Causal-Anticausal Decomposition of Speech using

Causal-Anticausal Decomposition of Speech using
Complex Cepstrum for Glottal Source Estimation
Thomas Drugmana , Baris Bozkurtb , Thierry Dutoita
TCTS Lab, University of Mons, Belgium
Department of Electrical & Electronics Engineering, Izmir Institute of Technology,
This study investigates the possibility of using complex cepstrum for glottal flow estimation. Via a systematic study of the windowing effects on the
deconvolution quality, we show that the complex cepstrum causal-anticausal
decomposition can be effectively used for glottal flow estimation when specific windowing criteria are met. It is also shown that this complex cepstral
decomposition gives similar glottal estimates as obtained with the Zeros of
the Z-Transform (ZZT) technique, but uses FFT operations instead of requiring the factoring of high-degree polynomials. The resulting method is
consequently much faster for achieving the same decomposition quality. Finally in our tests on a large corpus of real expressive speech, we show that
the proposed method has the potential to be used for voice quality analysis.
Keywords: Complex Cepstrum, Homomorphic Analysis, Glottal Source
Estimation, Source-Tract Separation.
1. Introduction
Glottal source estimation aims at isolating the glottal flow contribution
directly from the speech waveform. For this, most of the methods proposed
in the literature are based on an inverse filtering process. These methods
first estimate a parametric model of the vocal tract, and then obtain the
glottal flow by removing the vocal tract contribution via inverse filtering.
The methods in this category differ by the way the vocal tract is estimated.
In some approaches [1], [2], this estimation is computed during the glottal
closed phase, as the effects of the subglottal cavities are minimized during
Preprint submitted to Speech Communication
September 2, 2010
this period, providing a better way for estimating the vocal tract transfer
function. Some other methods (such as [3]) are based on iterative and/or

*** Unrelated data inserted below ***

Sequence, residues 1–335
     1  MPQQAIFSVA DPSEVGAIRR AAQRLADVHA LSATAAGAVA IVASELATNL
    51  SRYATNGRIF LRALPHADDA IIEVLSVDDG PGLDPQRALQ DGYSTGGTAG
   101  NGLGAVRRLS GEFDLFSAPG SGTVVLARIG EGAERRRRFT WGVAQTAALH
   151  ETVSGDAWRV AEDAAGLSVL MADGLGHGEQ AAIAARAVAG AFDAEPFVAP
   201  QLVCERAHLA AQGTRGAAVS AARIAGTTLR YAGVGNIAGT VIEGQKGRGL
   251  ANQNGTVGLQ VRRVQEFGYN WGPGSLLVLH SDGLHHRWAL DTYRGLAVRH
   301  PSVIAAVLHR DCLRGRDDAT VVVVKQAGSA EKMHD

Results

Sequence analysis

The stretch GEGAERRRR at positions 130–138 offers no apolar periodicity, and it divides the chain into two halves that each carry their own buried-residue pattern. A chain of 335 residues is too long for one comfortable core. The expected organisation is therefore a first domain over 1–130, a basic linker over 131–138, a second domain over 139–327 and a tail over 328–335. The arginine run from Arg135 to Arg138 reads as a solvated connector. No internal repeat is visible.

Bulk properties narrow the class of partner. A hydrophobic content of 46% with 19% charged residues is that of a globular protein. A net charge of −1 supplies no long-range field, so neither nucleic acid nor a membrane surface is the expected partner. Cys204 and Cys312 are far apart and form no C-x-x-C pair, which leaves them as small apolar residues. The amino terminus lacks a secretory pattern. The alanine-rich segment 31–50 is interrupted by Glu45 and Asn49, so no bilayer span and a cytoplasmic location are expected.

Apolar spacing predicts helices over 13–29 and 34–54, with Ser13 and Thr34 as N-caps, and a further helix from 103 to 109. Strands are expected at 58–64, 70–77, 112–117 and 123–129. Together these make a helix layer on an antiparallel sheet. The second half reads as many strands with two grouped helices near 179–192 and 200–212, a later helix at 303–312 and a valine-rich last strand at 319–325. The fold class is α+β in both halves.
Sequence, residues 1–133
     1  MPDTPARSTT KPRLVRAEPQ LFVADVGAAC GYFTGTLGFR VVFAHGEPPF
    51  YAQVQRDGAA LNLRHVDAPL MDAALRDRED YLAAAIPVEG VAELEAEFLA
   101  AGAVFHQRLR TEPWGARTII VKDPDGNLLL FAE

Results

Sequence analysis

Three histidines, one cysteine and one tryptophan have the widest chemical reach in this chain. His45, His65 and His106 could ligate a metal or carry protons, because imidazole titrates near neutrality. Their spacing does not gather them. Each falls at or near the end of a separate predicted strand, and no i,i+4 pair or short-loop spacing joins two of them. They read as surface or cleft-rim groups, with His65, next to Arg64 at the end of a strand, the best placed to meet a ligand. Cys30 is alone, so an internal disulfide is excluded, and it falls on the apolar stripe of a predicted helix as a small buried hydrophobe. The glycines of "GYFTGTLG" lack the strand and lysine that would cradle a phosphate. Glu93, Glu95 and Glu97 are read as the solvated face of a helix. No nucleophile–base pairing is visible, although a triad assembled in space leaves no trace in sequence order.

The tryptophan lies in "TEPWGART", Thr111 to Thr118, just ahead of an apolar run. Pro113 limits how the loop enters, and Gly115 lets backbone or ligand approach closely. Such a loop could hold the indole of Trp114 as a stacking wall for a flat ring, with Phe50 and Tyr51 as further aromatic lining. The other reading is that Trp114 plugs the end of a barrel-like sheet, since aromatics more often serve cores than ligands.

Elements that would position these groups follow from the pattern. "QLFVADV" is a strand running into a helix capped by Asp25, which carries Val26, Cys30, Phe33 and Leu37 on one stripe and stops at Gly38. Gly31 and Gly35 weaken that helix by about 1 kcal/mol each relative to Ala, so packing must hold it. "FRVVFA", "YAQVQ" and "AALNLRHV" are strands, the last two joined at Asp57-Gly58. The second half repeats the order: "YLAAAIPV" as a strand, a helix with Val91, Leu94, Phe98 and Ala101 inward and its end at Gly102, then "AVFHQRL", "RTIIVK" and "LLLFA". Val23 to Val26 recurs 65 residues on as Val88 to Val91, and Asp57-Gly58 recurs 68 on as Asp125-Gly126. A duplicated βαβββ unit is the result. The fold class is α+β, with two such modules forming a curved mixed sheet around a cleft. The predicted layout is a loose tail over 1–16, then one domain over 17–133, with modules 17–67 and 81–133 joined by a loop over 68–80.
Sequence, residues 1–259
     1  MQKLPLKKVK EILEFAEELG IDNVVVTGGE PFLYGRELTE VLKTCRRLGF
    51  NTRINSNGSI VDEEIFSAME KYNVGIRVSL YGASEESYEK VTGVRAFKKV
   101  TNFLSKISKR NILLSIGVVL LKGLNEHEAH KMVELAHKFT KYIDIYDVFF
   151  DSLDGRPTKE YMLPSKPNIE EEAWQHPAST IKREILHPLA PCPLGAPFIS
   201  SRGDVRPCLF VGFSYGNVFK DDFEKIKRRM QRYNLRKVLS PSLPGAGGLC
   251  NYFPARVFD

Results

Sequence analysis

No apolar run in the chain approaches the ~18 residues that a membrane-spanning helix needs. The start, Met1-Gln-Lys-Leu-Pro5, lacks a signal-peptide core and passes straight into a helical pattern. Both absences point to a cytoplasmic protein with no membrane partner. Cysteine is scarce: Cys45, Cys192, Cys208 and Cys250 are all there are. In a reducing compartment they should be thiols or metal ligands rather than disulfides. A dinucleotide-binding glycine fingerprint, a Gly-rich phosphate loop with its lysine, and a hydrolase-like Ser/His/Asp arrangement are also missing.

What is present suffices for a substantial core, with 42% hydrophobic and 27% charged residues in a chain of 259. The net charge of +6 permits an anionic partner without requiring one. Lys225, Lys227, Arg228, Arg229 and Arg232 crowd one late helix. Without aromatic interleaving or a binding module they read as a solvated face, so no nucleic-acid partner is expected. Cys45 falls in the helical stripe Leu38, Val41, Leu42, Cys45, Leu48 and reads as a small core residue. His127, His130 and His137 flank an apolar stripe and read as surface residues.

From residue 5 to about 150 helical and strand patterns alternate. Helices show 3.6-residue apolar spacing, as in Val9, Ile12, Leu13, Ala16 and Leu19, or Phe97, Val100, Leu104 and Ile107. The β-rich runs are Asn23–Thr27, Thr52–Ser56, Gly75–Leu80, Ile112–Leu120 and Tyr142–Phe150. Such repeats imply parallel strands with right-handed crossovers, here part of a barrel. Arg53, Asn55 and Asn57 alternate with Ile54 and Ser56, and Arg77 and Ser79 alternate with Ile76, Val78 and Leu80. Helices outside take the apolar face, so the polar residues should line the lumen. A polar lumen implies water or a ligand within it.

adaptive procedures in order to improve the quality of the glottal flow estimation. Note that a detailed overview of the glottal source estimation
methods can be found in various resources such as [4] or [5].
In this paper we consider a non-parametric decomposition of the speech
signal based on the mixed-phase model [6],[7]. According to this model,
speech contains a maximum-phase (i.e anticausal) component corresponding
to the glottal open phase. In a previous work [8], we proposed an algorithm
based on the Zeros of the Z-Transform (ZTT) which has the ability to achieve
such a deconvolution. However, the ZZT method suffers from high computational load due to the necessity of factorizing large degree polynomials. It
has also been discussed in previous studies that the complex cepstrum had
the potential to be used for excitation analysis ([9],[10]) but no technique
is yet available for reliable glottal flow estimation. This paper discusses a
complex cepstrum-based method that performs the same operation as the
ZZT (i.e. the estimation of the glottal open phase from the speech signal)
in a much faster way. It extends our first experiments on such a cepstral
decomposition of speech [11] by providing a more comprehensive theoretical
framework, by performing extensive tests on a large real speech corpus and
by giving access to a freely available Matlab toolbox.
The goal of this paper is two-fold. First we explain in which conditions
complex cepstrum can be used for glottal source estimation. The link with
the ZZT-based technique is emphasized and both methods are shown to be
two means of achieving the same operation: the causal-anticausal decomposition. However it is shown that the complex cepstrum performs it in a
much faster way. Secondly the effects of windowing are studied in a systematic framework. This leads to a set of constraints on the window so that
the resulting windowed speech segment exhibits properties described by the
mixed-phase model of speech. It should be emphasized that no method is
here proposed for estimating the return phase component of the glottal flow
signal. As the glottal return phase has a causal character [7], its contribution
is mixed in the also causal vocal tract filter contribution of the speech signal.
The paper is structured as follows. Section 2 presents the theoretical
framework for the causal-anticausal decomposition of voiced speech signals.
Two algorithms achieving this deconvolution, namely the Zeros of the ZTransform (ZZT) and the Complex Cepstrum (CC) based techniques, are
described in Section 3. The influence of windowing on the causal-anticausal
decomposition is investigated in Section 4 by a systematic study on synthetic
signals. Relying on the conclusions of this study, it is shown in Section 5 that
the complex cepstrum can be efficiently used for glottal source estimation on
real speech. Among others we demonstrate the potential of this method
for voice quality analysis on an expressive speech corpus. Finally Section 6
concludes and summarizes the contributions of the paper.